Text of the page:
Dual function of the McaS small RNA in controlling biofilm formation
1,42,3,411,52,5Mikkel Girke Jørgensen, Maureen K. Thomason, Johannes Havelund, Poul Valentin-Hansen and Gisela Storz
1Department of Biochemistry and Molecular Biology, University of Southern Denmark, Odense, Denmark. 2Cell Biology and Metabolism Program, Eunice Kennedy Shriver National Institute of Child Health and Human Development, Bethesda, MD USA.
3Department of Biochemistry and Molecular & Cellular Biology, Georgetown University Medical Center, Washington, DC USA.
5Co-corresponding authors Email email@example.com or firstname.lastname@example.org
Table of Contents
Supplemental Figure S1 Additional truncations of pgaA 5’ UTR. Related to Figure 1. 4
Supplemental Figure S2 Evidence supporting conservation of McaS and CsrA binding sites. Related to Figure 2. 5
Supplemental Figure S3 Evidence supporting the dual functionality of McaS mutants, which are defective in 6
CsrA binding but are still able to regulate targets by base pairing. Related to Figure 2. Supplemental Figure S4 Evidence supporting the conclusion that lower expression of McaS mutants is not the 7
primary reason for failure to regulate pgaA-lacZ. Related to Figure 2.
Supplemental Figure S5 Evidence supporting the specificity of CsrA for McaS and not other sRNAs such as the 9
RyhB sRNA. Related to Figure 3.
Supplemental Figure S6 Evidence showing that McaS regulates other CsrA targets such as glgC-lacZ. Related to 10
Supplemental Figure S7 Quantitation of McaS, CsrB and CsrC levels throughout growth. Related to Figure 7. 11 Supplemental Figure S8 Effects of mutations in non-conserved GGA sequences. Related to Figure 2 and Discussion. 12
Supplemental Figure S9 Evidence supporting the dual binding of CsrA and Hfq to McaS. Related to Figure 7 14
Supplemental Table S1 List of strains and plasmids used in this study 16
Supplemental Table S2 List of oligonucleotides used in this study 20
Supplemental Methods Detailed descriptions of strain and plasmid construction. 30
Supplemental References 33
Supplemental Figure S1. Assays of PM1205 ΔabgR-ydaL derivatives with (A) pgaA-lacZ and (B) pgaA-lacZ fusions transformed 15567
with the control vector, pBR-McaS and plasmids expressing the McaS-2 and McaS-3 mutant derivatives. β-galactosidase activities of
the fusions were assayed with either 1 mM IPTG (black bars) or no IPTG (white bars). The average values from three independent
assays are shown and error bars are standard deviations of those values.
Supplemental Figure S2. Conservation of McaS. Alignment of McaS sequences across closely related species to include representative strains of Escherichia, Shigella, Enterobacter, Citrobacter and Cronobacter. Residues conserved across all species are
indicated by an *. Potential CsrA GGA binding sites are highlighted in red.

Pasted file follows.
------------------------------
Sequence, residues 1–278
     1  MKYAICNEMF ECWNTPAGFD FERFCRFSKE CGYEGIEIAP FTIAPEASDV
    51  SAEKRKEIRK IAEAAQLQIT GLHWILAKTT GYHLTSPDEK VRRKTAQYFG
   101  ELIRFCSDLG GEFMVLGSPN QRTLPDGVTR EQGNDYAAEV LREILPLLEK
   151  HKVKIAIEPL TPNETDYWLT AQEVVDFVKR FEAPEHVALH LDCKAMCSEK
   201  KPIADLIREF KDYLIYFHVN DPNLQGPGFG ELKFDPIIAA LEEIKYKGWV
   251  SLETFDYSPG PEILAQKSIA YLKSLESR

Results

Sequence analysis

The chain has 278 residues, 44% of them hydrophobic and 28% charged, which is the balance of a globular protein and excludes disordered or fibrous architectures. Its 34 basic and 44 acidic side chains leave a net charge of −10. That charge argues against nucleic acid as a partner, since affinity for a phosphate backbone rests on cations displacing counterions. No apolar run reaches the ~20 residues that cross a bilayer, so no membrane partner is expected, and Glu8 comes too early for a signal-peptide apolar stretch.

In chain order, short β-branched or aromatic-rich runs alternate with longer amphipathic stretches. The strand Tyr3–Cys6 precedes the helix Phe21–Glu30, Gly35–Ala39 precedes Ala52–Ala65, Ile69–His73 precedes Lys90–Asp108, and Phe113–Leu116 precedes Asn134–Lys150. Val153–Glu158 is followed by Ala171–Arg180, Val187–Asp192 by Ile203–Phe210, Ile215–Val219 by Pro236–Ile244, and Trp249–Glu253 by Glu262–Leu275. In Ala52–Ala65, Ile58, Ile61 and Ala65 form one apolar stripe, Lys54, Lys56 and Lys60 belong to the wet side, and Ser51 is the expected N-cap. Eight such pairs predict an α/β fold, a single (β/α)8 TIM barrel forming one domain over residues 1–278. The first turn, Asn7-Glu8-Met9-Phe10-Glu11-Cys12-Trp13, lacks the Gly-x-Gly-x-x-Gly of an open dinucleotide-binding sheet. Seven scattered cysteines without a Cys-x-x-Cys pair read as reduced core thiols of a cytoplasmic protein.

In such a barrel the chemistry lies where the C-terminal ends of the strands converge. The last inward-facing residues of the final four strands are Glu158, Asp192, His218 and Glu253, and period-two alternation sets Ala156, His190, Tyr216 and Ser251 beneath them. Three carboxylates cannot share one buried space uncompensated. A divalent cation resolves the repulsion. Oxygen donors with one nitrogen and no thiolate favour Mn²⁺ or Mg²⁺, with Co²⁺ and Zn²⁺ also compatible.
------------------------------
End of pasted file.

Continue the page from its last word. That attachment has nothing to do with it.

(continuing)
Supplemental Figure S3. Effects of wild-type and mutant McaS on (A) csgD-lacZ and (B) flhD-lacZ expression. Reporter strains PM1205 ?abgR-ydaL csgD-lacZ and PM1205 ?abgR-ydaL flhD-lacZ were transformed with the control vector, pBR-McaS and plasmids expressing the McaS-8 and McaS-9 mutant derivatives. β-galactosidase activities for the fusions were assayed as in Supplemental Fig. S1.
Supplemental Figure S4. (A) and (B) Levels of plasmid-expressed wild-type and mutant McaS in NM525 ΔabgR-ydaL (A) and
PM1205 ?abgR-ydaL pgaA-lacZ (B). Overnight cultures were diluted to an OD of ~0.05 in LB and allowed to grow for 1.5 h at 600
37?C upon which expression of the wild-type and mutant derivatives was induced with 1 mM IPTG for all samples in (A) and for
pBR-McaS-2, pBR-McaS-8 and pBR-McaS-11 in (B) or 70 µM IPTG for pBR-McaS, pBR-McaS-3 and pBR-McaS-10 in (B). Total
32RNA was extracted and 10 μg was separated on an 8% polyacrylamide-7M urea gel, transferred to a membrane and probed with P-
labelled McaS specific oligonucleotide or 5S oligonucleotide as a control. (C) Effects of uniform wild-type and mutant McaS RNA levels on pgaA-lacZ expression. β-galactosidase activities for the samples in (B) were assayed as in Supplemental Fig. S1. Mfold (http://mfold.rna.albany.edu/?q=mfold) predicts multiple possible structures for most of the McaS mutants, many of which are similar
to structures predicted for the wild-type RNA.
Supplemental Figure S5. RyhB RNA does not co-purify with CsrA. Strain SØ928 csrA-Flag was grown in LB medium to an OD 600
of 1.0. At this point the culture was split and the chelator 2,2′-dipyridyl was added to one culture to induce RyhB synthesis. After 10 min, samples were harvested, cell extracts were prepared and incubated with anti-Flag M2-agarose beads. The beads were collected on a small column, the filtrate was collected (unbound fraction; UB), and the beads were washed with IP buffer (wash fraction, W).
Subsequently, the proteins trapped on the beads were eluted with 1M arginine buffer (bound fraction; B). Total RNA was extracted
from the three fractions and examined for the presence of CsrB and RyhB RNA by Northern blot analysis.
Supplemental Figure S6. McaS activation of glgC-lacZ expression. The reporter strain PM1205 ?abgR-ydaL glgC-lacZ was transformed with the control vector, pBR-McaS, plasmids expressing McaS mutant derivatives, and pBR-CsrB. β-galactosidase activity was assayed as in Supplemental Fig. S1.